While the Nightjet mainly drives to Europe’s metropolises and is particularly suitable for city tours, two private rail operators still have their sights on classic vacationers with ADVERTISEMENT holiday destinations in the Alps and on the Adriatic. For example, the Nuremberg-based company Bahntouristikexpress continues to operate the Hamburg – Lörrach car train previously offered by DB, recently in cooperation with Flixtrain, departure at 7:50 p.m., arrival at 8:30 a.m. The holiday express of the Cologne-based company Train4you is on other routes, for example from Hamburg to Munich, Innsbruck, Villach and Verona. He also specifically targets customers who want to take their car or motorcycle with them.

The vehicle fleet consists of old wagons, bought together in Europe, with a good four decades on the axles. With the corresponding risk of failure: sometimes it is just a toilet or the washroom, then an entire car or the entire train: the Internet is full of reports of disappointed and disgruntled travelers. But there are also others who are grateful and fully satisfied about the smooth start to their vacation.

The DB is also on the road at night, without sleeper trains. It runs some ICE and IC trains, which only offer seats, but at bargain prices. The railway sees “a clear increase in demand” and registers “young, particularly price-sensitive tourists” who are not afraid to take a night trip on vacation, for example from Cologne to Berlin to Binz on Rügen. A tip when searching the Internet: switch off the “Show fastest connections” function, because these nightly connections – like classic night trains – are not the fastest: Above all, they should depart and arrive at acceptable times.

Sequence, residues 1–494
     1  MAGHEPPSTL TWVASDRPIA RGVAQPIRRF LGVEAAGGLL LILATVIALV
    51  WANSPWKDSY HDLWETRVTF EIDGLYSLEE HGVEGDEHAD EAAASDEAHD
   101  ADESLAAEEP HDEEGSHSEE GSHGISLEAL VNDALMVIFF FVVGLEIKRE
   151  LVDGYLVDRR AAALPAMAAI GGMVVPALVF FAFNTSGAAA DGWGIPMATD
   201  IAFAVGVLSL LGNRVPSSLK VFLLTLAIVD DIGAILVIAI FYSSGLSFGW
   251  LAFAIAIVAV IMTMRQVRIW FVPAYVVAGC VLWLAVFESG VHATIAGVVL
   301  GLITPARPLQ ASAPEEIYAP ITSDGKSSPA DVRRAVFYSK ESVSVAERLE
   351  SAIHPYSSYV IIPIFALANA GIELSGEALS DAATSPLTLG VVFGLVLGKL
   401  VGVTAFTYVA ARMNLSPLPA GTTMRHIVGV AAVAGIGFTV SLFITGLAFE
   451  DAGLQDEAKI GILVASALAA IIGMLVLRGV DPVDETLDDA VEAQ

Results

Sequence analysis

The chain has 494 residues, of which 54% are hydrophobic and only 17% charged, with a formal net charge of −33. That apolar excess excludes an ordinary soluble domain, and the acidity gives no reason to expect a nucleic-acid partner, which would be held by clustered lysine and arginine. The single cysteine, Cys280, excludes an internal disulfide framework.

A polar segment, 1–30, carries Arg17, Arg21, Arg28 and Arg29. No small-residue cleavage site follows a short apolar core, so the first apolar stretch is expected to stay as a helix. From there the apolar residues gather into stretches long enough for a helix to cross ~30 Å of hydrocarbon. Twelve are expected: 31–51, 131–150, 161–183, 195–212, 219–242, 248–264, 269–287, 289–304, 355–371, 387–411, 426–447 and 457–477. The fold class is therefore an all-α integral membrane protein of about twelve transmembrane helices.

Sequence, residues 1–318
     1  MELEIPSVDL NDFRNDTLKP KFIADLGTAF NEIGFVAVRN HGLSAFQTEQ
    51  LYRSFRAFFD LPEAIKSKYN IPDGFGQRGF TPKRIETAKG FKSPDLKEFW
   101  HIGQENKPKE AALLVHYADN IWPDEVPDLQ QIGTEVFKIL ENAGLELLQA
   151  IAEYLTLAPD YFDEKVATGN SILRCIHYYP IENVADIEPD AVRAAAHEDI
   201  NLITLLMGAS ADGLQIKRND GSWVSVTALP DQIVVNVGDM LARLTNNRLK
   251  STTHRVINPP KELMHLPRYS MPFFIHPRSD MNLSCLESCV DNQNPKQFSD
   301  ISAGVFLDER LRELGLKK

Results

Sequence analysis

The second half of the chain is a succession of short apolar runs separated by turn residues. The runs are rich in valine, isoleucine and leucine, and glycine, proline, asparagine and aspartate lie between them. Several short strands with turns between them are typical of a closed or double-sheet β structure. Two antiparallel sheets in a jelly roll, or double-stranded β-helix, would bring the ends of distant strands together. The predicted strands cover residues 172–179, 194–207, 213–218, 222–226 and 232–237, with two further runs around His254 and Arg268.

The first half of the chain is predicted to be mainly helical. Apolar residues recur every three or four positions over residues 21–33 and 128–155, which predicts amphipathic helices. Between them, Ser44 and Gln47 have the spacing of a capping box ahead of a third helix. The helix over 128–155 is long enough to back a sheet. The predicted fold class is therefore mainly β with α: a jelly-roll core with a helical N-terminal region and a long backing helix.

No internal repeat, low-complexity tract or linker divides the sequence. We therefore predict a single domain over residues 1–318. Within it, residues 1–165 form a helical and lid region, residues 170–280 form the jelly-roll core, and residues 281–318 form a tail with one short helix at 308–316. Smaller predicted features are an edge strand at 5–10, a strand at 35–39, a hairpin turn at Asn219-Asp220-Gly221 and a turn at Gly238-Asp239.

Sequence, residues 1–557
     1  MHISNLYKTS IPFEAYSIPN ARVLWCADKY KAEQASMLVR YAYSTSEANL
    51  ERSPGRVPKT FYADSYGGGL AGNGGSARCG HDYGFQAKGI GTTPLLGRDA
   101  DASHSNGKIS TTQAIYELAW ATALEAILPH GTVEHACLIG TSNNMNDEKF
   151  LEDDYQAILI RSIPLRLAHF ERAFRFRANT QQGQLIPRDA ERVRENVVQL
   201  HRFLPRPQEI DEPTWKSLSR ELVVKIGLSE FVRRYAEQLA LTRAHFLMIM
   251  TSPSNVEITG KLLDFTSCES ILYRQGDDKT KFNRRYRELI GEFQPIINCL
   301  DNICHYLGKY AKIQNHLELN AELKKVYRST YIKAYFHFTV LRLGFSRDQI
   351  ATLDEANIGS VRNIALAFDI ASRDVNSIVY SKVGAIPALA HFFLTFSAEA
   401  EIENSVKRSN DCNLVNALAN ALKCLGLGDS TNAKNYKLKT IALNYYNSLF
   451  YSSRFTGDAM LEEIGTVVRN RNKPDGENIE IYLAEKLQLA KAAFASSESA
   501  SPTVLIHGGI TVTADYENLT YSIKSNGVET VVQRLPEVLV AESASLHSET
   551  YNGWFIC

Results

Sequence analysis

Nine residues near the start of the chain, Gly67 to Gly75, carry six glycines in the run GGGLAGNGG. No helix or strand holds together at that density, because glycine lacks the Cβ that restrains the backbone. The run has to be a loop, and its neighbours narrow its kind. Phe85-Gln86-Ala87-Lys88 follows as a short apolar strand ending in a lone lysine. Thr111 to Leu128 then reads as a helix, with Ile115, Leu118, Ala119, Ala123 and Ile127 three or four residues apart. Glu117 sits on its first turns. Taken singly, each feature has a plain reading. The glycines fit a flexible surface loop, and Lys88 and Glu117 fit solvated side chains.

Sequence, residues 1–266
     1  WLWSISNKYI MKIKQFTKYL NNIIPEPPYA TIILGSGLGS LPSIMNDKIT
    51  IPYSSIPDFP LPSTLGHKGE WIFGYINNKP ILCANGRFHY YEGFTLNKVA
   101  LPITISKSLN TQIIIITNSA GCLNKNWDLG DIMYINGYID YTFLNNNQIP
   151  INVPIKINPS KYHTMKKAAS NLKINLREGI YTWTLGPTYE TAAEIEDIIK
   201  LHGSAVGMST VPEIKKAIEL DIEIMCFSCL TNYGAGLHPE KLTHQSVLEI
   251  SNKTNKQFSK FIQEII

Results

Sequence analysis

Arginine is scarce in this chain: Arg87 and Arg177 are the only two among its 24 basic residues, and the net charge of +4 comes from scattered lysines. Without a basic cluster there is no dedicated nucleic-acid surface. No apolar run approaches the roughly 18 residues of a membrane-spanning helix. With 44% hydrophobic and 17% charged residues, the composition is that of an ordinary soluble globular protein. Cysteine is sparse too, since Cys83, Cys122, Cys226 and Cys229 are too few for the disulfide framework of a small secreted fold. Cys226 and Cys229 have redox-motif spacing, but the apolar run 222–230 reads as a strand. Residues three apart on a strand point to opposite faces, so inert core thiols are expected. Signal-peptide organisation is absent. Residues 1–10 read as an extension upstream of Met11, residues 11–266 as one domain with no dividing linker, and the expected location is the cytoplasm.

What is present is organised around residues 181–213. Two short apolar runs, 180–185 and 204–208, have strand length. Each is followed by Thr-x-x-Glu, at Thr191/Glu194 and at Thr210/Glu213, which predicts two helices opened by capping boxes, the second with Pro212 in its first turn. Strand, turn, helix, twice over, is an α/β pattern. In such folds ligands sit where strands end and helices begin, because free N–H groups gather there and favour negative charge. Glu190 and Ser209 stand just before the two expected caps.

There are currently considerations at Deutsche Bahn to re-enter the night train business. Federal Transport Minister Andreas Scheuer (CSU) told the German press agency: “In principle, I am open to it.” However, it is unlikely that new sleeping and couchette coaches will be purchased for this because of the high investments required. Various cooperation models are under discussion, above all with the ÖBB. Closer cooperation in ticket sales or the operation of night trains is conceivable.

For holidaymakers, high-speed trains with attractive daily connections can also be a good alternative to short flights and sleeping cars: If you book them in time and avoid peak travel times, you often get to your destination quickly and often at cheaper ticket conditions. A prime example is Berlin – Munich, the fastest trains take four hours to connect. Also of interest are the TGV and ICE connections from Stuttgart, Frankfurt and Cologne / Düsseldorf to Paris and Brussels with short travel times. Even London is only six and a half hours away from Cologne via the channel tunnel, but it takes a lot of time for the British security and passport controls when changing from Thalys or ICE to the Eurostar at Brussels-Midi station. The transfer problem is similar for connecting trips in Paris: If you want to continue on the TGV towards the Atlantic or Brittany, you have to torture yourself by metro or taxi from the north or east train station to Gare Montparnasse.